The flpsed user interface is very primitive. You can only add text to a page: once you add a text fragment, it remains forever (although you can make it empty). There's no way to add other graphical elements such as circles or boxes. You only get one font: courier, for that "I used a typewriter" look, in 3 sizes.

At least on my system, the font displayed in the flpsed editor did not match the font my printer used. This made exact positioning of long strings of text difficult as they tend to run off the page when printed.

You can press <ctrl-n> at any time while editing to move on to the next page. Any additions you've made to the previous page will remain. One big annoyance I had with flpsed is that you can only move to the next page with <ctrl-n> or press <ctrl-p> to skip to the first page of the document. There is no way to move to the previous page or jump to an arbitrary page in the document. This means that if you accidentally skip past the page you want in a long document, you have to start from the very beginning.

Once you are satisfied with the additions you've made to a document, you can save or print it. The save feature writes the file out with your changes embedded as additional postscript. This means that your changes are an integral part of the document and you can pass easily pass it on to anyone as a PDF file (you have to of course turn the postscript back in to pdf with pstopdf first). As I mentioned above, flpsed is most definitely alpha-quality software. It did crash once when I used it. Also, I would occasionally see a glitch where the text I added to a particular page of a document would be printed again on an additional blank page.

Time for Xfig

The Xfig method of editing pdf files is decidedly less elegant than what I've described above. However, it has one big advantage: you can draw anything you want on top of the original document. I was forced to use the Xfig method with some forms recently because the form fields contained default values.

It's a bit of a stretch to say you use Xfig to edit a postscript file. What you actually do is load the original file into Xfig as an image and create an overlay Xfig image on top of that. One major limitation with this approach is you can only operate on a single page of a postscript (or converted pdf) file.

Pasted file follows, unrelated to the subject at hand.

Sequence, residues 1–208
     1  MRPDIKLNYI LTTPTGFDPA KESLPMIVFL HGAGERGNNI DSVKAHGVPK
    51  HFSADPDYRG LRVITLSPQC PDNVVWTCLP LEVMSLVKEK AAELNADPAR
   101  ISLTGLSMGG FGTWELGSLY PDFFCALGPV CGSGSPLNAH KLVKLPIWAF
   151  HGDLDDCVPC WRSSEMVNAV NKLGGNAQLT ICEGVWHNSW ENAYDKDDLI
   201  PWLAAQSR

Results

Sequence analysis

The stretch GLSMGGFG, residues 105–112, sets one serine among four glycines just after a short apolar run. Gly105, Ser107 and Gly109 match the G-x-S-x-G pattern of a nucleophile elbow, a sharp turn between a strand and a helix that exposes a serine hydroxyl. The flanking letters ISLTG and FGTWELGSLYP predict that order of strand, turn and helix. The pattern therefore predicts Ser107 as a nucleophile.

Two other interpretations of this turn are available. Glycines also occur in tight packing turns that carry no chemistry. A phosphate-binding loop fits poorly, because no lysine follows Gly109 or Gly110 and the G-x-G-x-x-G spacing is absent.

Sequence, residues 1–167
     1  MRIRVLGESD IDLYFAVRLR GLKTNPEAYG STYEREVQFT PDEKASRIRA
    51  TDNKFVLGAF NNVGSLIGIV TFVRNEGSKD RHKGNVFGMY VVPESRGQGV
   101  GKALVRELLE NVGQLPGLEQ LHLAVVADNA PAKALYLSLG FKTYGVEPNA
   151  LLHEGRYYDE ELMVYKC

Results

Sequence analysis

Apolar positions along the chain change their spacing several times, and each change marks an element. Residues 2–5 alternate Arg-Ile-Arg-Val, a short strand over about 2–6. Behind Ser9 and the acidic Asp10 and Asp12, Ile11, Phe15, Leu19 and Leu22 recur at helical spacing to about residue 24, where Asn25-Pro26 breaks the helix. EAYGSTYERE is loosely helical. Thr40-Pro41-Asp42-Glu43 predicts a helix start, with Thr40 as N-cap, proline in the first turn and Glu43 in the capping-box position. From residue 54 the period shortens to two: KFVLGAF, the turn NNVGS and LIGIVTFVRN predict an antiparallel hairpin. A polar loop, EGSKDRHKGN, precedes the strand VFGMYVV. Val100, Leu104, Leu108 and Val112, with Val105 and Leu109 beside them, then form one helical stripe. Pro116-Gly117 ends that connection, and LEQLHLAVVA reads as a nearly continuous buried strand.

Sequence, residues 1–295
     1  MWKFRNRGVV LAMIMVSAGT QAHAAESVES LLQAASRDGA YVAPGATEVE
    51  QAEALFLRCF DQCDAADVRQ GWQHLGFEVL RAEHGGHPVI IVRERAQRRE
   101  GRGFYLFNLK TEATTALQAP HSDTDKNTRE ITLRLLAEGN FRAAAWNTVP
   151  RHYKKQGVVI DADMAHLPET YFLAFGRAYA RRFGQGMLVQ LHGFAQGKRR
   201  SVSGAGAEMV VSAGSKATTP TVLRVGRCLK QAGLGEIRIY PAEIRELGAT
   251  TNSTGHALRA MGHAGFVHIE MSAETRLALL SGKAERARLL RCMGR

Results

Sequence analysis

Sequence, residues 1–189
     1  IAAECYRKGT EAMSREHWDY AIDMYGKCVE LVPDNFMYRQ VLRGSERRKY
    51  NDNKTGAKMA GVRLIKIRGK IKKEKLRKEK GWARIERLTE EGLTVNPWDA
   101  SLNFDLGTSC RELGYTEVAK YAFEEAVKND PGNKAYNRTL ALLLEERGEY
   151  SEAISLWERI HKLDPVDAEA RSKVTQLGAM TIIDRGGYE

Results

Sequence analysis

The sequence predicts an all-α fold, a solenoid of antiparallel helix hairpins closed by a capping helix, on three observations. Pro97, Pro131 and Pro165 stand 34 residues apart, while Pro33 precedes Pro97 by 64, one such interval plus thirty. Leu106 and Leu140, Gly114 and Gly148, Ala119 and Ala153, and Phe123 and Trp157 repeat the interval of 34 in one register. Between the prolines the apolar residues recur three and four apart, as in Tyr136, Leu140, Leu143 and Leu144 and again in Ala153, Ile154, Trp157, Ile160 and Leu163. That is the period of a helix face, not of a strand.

I won't go over the details of using Xfig to add text on top of a postscript page because this howto provides a good description. This method does work to add text and other graphical elements on top of your pdf. However, keep these limitations in mind:

  • Xfig operates on only one page at a time.
  • You will need both the Xfig file and the original image if you want to print it out (the Xfig file references the original image).
  • This is not a very portable solution because you can't convert back to a pdf. Windows users will be very confused if you give them a fig file and the original image.

Putting It All Together

Using the combination of flpsed and Xfig, I was able to edit a number of different PDF documents. I was then able to either print the resulting documents with my text included, or email the PDFs to others. Thus, mission accomplished.

However, as you can see from the many caveats above, this is a cumbersome process. I sincerely hope that in particular flpsed is improved and expanded. For example, if it included basic drawing tools, I would not have had to use Xfig.

With a little bit of work, flpsed could be a "killer app" for Linux. Imagine the scenario: a Windows user comes to you with a look of panic on his face: "Help! I've got a PDF I have to edit. What can I do?"